Schizophrenic Disorders: Is There an Elephant?

Psychiatric TimesVol 32 No 6
Volume 32
Issue 6

Multiple perspectives are required to fully understand a concept. This seems to be the growing consensus with the schizophrenia spectrum disorders.

In the Indian parable of the blind men and the elephant, a group of blind men touch various parts of an elephant to identify it. One man feels the beast’s trunk and thinks it may be a hose. Another feels its body and thinks it is a wall. Yet another feels its tail and concludes it is snake.

This story may be interpreted as one person’s truth not being a total truth-and that multiple perspectives are required to fully understand a concept. This seems to be the growing consensus with the schizophrenia spectrum disorders. At the APA 2015 conference, the theme of multiple perspectives was evident across the pathophysiology, diagnosis, and treatment of the psychotic disorders.

[[{"type":"media","view_mode":"media_crop","fid":"38624","attributes":{"alt":"","class":"media-image media-image-right","id":"media_crop_7143363786598","media_crop_h":"0","media_crop_image_style":"-1","media_crop_instance":"3855","media_crop_rotate":"0","media_crop_scale_h":"174","media_crop_scale_w":"150","media_crop_w":"0","media_crop_x":"0","media_crop_y":"0","style":"float: right;","title":" ","typeof":"foaf:Image"}}]]Schizophrenia is a highly heritable disorder, which suggests a major role for various alleles in its etiology. At the conference, Anil Malhotra, MD, discussed a recent multistage schizophrenia genome-wide association study published in the journal Nature.1 In that study, all available schizophrenia samples with published or unpublished genome-wide association study genotypes (36,989 cases and 113,075 controls) were combined into a systematic analysis. The results were 108 conservatively defined loci that met genome-wide significance, which coded for approximately 341 different genes. The identified loci likely represented the low-hanging fruit, with larger effect sizes, and it is likely that many more loci-and therefore more functional units-exist with reduced relative impact.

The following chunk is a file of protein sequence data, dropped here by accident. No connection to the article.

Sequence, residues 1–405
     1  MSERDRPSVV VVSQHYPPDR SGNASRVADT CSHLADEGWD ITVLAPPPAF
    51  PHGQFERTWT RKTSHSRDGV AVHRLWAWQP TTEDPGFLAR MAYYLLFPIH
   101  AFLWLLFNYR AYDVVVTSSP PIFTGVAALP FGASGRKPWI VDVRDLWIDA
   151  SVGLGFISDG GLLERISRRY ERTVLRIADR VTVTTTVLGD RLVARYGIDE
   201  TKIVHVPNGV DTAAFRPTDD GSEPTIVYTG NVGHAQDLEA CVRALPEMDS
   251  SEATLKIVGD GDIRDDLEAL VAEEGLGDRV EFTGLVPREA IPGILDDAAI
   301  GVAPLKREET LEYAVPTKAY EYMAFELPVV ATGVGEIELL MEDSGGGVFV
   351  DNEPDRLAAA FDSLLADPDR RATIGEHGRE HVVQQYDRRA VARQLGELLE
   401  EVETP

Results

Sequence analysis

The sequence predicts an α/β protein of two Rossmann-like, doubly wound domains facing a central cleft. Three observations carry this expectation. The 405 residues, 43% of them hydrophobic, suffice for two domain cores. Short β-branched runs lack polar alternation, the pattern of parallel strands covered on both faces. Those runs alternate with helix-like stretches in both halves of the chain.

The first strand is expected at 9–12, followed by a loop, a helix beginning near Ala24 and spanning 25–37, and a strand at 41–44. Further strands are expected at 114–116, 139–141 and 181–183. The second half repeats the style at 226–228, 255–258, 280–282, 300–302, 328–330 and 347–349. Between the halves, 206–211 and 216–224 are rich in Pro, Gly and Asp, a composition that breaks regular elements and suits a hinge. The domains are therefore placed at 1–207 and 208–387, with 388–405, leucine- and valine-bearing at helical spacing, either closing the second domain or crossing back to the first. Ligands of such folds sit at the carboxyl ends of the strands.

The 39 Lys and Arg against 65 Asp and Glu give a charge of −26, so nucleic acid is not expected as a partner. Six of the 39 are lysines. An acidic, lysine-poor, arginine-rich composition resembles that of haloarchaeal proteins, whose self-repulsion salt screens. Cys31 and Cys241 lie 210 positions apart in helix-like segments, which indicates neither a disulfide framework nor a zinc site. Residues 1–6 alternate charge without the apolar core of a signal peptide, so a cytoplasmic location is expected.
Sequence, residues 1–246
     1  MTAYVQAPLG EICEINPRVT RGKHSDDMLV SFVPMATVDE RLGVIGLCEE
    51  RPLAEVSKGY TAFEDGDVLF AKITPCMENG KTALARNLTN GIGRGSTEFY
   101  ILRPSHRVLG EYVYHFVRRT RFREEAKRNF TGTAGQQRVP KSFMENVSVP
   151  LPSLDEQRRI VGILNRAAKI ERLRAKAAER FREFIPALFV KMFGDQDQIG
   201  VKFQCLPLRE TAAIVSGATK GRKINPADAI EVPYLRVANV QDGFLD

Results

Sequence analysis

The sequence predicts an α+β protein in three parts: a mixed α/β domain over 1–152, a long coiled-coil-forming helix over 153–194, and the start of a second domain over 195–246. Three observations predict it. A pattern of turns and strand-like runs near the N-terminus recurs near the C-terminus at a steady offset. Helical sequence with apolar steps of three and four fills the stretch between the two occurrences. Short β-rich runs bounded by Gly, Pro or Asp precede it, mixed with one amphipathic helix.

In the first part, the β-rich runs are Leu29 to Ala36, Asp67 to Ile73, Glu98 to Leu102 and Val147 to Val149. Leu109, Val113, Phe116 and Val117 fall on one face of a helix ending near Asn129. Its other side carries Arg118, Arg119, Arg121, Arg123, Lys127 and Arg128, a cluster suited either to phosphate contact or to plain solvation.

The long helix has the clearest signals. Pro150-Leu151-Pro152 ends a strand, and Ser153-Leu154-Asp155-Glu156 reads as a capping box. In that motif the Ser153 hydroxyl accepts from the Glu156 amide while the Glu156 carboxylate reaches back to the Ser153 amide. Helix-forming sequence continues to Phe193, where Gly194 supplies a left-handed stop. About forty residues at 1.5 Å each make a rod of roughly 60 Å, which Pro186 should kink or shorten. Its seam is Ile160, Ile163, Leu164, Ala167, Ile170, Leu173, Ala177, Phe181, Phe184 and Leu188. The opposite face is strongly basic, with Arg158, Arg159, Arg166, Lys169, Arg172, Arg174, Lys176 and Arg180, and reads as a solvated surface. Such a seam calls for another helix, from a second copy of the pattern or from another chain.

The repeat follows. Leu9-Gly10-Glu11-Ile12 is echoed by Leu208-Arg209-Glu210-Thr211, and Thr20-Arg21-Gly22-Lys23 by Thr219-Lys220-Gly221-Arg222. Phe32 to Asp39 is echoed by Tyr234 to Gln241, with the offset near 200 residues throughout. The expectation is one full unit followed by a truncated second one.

What is fascinating is that when the group cross-referenced the genes in a drug target database, 20 drug targets were identified for which there are approved drugs. Calcium channel modifiers, NMDA antagonists, nicotine partial agonists, and the well-known DRD2 receptor antagonists were identified. This indicates that even viewed through a strictly genetic lens, schizophrenia is not a single disorder, but rather a spectrum-some possibly channelopathies, some glutamatergic-related, some dopamine- and glutamate-related, and possibly other variants as well.

In an associated talk, Matcheri Keshavan, MD, noted that the 341 genes could be organized into functional gene networks, consisting of immunity-related genes and ones involved in the glutamate system.

Rajiv Tandon, MD, discussed the attempt of DSM-5 to embrace the heterogeneity of schizophrenia, through the new 0-4 subscale rating across 8 dimensions: hallucinations, delusions, disorganized speech, negative symptoms, disorganized behavior, mood, motor, and cognition. It is important to consider all 8 when constructing and monitoring a treatment plan.

Henry A. Nasrallah, MD, discussed treatment by considering that at present only positive symptoms, motor and, at times, mood, are targets for intervention. He suggested a 3-pronged approach, conceptualizing biological treatment from neurodevelopmental, neurochemical, and neurodegenerative viewpoints. Neurodevelopmentally, one should encourage patients to minimize the risk of perinatal infection, such as toxoplasmosis, which has been linked to increased risk of schizophrenia.2 He also recommended perinatal vitamin D, to reduce gestational diabetes risk. From a neurochemical and neurodegenerative standpoint, he recommended using atypical antipsychotics, which are associated with increased neurogenesis through neurotrophic growth factors into the hippocampus. He recommended avoiding typical antipsychotics, such as haloperidol, fluphenazine, and perphenazine, all of which are associated with neuronal apoptosis and necrosis.3 This is particularly concerning, given that preventing exacerbations of schizophrenia is thought to be important in reducing brain volume loss. Lithium and SSRIs were also mentioned as having effects associated with increased brain-derived neurotrophic factor in the brain.

The elephant parable can be interpreted as a metaphor for multiple perspectives to find total truth. Schizophrenia is now viewed as a spectrum with multiple parts to be examined by researchers. Given the above, it seems more likely that what we will find is that there is no elephant at all, but a collection of different parts, each with its own etiology and treatment.


This article was originally posted on 5/22/2015 and has since been updated.


Dr Naidoo is a fourth year psychiatry resident in the Department of Psychiatry and Behavioral Neurosciences at Wayne State University in Detroit.


1. Schizophrenia Working Group of the Psychiatric Genomics Consortium. Biological insights from 108 schizophrenia-associated genetic loci. Nature. 2014;511:421-427.

2. Torrey EF, Yolken RH. Toxoplasma gondii and schizophrenia. Emerg Infect Dis.2003;9:1375-1380.

3. Nasrallah HA. Haloperidol is clearly neurotoxic. Should it be banned? Curr Psychiatry. 2013;12:7-8.

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